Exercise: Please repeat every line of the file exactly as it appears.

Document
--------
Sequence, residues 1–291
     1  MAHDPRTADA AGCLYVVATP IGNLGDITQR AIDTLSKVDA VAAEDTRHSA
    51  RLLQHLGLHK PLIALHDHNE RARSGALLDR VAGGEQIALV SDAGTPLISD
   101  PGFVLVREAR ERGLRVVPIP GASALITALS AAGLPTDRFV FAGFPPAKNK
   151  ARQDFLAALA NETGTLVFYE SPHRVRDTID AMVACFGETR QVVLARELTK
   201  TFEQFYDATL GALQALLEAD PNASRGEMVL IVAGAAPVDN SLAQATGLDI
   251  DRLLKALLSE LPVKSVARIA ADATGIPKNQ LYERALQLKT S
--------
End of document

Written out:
Sequence, residues 1–291
     1  MAHDPRTADA AGCLYVVATP IGNLGDITQR AIDTLSKVDA VAAEDTRHSA
    51  RLLQHLGLHK PLIALHDHNE RARSGALLDR VAGGEQIALV SDAGTPLISD
   101  PGFVLVREAR ERGLRVVPIP GASALITALS AAGLPTDRFV FAGFPPAKNK
   151  ARQDFLAALA NETGTLVFYE SPHRVRDTID AMVACFGETR QVVLARELTK
   201  TFEQFYDATL GALQALLEAD PNASRGEMVL IVAGAAPVDN SLAQATGLDI
   251  DRLLKALLSE LPVKSVARIA ADATGIPKNQ LYERALQLKT S